When my husband and I first got married, buying Christmas presents for each other was easy. We were young and strapped for cash, so we both had a long list of things that we really wanted and would be happy to find wrapped up under the tree on Christmas morning. I always tried for a variety when purchasing my husband’s gifts, usually settling on something like new after-shave lotion, a wallet, a flannel shirt and maybe a money clip. My husband was a firm believer in going with a sure thing, which is why one year I received four wool skirts, purchased from the Bargain Basement of a local department store. They were the exact same skirt, only in different colors. And he knew I would like them and they were the right size, because I already had one hanging in my closet. I actually saw him checking the tag on it one day in early December.
But as the years have gone by, Christmas shopping for each other has become more of a challenge. My husband now has plenty of clothes, a good supply of after-shave lotion, and there’s only so many years in a row that I can get away with giving a money clip or a wallet. But the problem is that there’s rarely anything new or original on his Christmas list. He usually asks for a new golf glove, even though he only plays golf about once a year. Apparently, each time he plays, he manages to lose his glove.
I know he doesn’t have it any easier trying to buy me a gift. Most of my favorite authors aren’t especially popular and their books are out of print and hard to find. Since I have reached the age where my body has, how shall I say, both settled and expanded, I usually need to try on any new clothes before buying. And like my husband, I honestly have all the things I need and most of the things I want. (Or at least the sort of things that can be wrapped and put under a tree. The last I checked, world peace, end to animal and child abuse, etc. don’t fit in a gift box.)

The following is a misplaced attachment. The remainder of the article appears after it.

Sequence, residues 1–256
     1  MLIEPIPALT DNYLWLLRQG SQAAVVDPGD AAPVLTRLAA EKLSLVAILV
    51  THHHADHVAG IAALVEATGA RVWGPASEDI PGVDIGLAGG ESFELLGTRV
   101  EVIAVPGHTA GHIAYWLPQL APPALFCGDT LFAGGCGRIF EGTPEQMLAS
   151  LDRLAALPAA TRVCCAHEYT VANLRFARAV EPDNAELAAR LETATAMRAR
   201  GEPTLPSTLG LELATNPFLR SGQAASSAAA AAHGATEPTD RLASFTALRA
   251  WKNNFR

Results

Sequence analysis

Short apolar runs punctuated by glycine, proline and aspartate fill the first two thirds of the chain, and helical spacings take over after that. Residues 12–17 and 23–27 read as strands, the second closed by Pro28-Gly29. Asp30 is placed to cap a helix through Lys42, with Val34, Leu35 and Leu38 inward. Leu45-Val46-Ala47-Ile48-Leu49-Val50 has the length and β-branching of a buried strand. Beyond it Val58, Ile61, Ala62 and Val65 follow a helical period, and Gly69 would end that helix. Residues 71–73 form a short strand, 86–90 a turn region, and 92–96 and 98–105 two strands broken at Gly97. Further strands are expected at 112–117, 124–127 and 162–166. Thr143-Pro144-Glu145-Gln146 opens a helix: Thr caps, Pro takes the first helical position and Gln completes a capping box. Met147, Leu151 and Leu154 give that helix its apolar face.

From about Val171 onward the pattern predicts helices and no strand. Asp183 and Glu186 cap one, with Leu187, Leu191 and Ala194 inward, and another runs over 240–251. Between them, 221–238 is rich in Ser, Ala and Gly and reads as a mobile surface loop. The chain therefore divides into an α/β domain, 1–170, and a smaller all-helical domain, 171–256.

But that’s okay, because with each year that goes by, I find myself even less focused the gift-giving aspect of Christmas. We will, of course, exchange some gifts with each other and our kids on Christmas morning, and it will be a fun time. But those aren’t the real Christmas gifts at all. The real gift was having some friends over for a Christmas celebration, all crammed together in my living room, talking and laughing. It was having the kids and their spouses for dinner and a rowdy game of bingo, and then meeting them a few nights later for a drink at a festive, if somewhat tacky, pop-up Christmas bar. And tonight, it will be singing Silent Night in a beautiful sanctuary, lit only by the candles in our hands. It’s a magical moment that, for me, defines the whole Christmas season.
Christmas shopping may be more difficult these days, but as far as I’m concerned, my Christmas gifts–those moments and memories that I truly treasure–just keep getting better.